Results Top

Out of 75 cases, maximum number of cases (60%) belonged to age group 30-60 years and 4% cases were less than 10 years. Male to female ratio was 1.08:1

The different types of LP observed are given in [Table - 1].

  Discussion Top

Dapsone has a therapeutic effect in several dermatoses and in lichen planus it has been used by several authors.[2][3][4][5] It is used in dermatology for its anti-inflammatory properties. It may be due to inhibition of myeloperoxidase hydrogen peroxide cytotoxic system. Effect of dapsone in lymphocyte rich dermatoses may be through a similar mechanism proposed for polymorphonuclear- rich infiltrative dermatoses.[6] It may have an antiinflammatory effect by inhibiting the release of inflammatory or chemotactic factors from mast cells.[7] Dapsone is known to produce reduced responsiveness of lymphocytes to PHA in vitro and in vivo.[8] The most common untoward effect of dapsone is haemolysis of varying degree. It is dose related and develops in almost every individul treatment with 200-300 mg of dapsone daily.

In our study, in R1 40% patients showed good response while in R2, 58% patients showed good response at the end of 3 months therapy. It was also observed that LP with mucous membrane involvement showed excellent response to dapsone in 3 months time. Similar are the observations by Kumar et al who reported good response in 66.5% of cases.[4] Our study showed that dapsone is definitely superior to local corticosteroids alone in treating LP cases.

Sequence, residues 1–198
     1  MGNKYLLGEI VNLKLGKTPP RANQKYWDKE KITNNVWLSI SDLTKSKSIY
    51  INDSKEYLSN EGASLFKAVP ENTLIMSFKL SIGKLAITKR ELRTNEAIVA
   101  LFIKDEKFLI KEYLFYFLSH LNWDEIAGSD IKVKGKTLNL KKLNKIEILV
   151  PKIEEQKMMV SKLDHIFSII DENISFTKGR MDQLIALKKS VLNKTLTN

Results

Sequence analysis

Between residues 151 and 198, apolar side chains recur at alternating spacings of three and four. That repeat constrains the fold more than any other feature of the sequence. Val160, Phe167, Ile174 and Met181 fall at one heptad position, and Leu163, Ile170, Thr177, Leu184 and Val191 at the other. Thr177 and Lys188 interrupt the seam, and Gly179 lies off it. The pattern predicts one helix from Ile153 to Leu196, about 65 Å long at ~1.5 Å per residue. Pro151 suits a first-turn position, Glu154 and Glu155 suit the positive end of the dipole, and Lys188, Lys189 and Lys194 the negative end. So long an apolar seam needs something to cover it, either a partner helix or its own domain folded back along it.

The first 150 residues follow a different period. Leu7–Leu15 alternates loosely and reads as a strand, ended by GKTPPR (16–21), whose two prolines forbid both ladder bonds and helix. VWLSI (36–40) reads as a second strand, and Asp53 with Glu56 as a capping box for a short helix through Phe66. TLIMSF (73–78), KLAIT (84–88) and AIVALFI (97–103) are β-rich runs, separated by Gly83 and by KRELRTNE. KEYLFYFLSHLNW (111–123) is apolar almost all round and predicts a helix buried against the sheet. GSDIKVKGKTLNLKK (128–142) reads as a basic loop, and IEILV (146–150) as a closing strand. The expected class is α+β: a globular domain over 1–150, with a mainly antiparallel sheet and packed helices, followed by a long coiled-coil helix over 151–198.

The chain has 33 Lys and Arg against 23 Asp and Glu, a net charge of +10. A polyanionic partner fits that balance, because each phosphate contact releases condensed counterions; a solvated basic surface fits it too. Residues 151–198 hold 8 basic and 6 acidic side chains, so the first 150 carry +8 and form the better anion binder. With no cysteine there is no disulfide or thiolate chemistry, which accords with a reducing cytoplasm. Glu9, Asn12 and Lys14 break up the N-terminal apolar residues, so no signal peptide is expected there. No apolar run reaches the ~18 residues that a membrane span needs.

References Top

1.Black M M. Lichen planus and lichenoid disorders. In: Textbook of Dermatology. Champion RH, Bruton JL, Ebling FJG, Editors, 5th ed, Oxford, Balckwell Scientific Publication, 1992,3:1675-1698.  Back to cited text no. 1    
2.Falk DK, Latour DL, King LE. Dapsone in the treatment of erosive lichen planus. J Am Acad Dermatol 1985;12:567.  Back to cited text no. 2    
3.beck HI, Flemming B. Treatment of erosive lichen planus with dapsone. Acta Derm. Venereol (Stockh) 1986;366-367.  Back to cited text no. 3    
4.Kumar B, Kaur I, Sharma VK. Efficacy of dapsone in lichen planus. Indian J Dermatol Venereol Leprol 1989;55:164-166.  Back to cited text no. 4    
5.Kumar V, Garg BR, Baruah MC, et al. Childhood lichen planus. Dermatol 1993;20:175-177.  Back to cited text no. 5  [PUBMED]  [FULLTEXT]
6.Stendahl O, Mobin L, Dahlgren C. The inhibition of polymorphonuclear toxicity by dapsone. J Clin Invest 1998;62:214-220.  Back to cited text no. 6    
7.Ruzicka T, Wasserman SI, Soter NA, et al. Inhibition of rat mast cell arachidonic acid cyclo-oxygenase by dapsone J Allergy Clin Immunol 1983;72:365-370.  Back to cited text no. 7  [PUBMED]  [FULLTEXT]
8.Beigueltnan B, Pisani RCB. Effect of DDS on phytohae-magglutinin induced lymphocyte transformation. Int J Lepr 1974;42:412-415.  Back to cited text no. 8    


[Figure - 1], [Figure - 2]


[Table - 1], [Table - 2]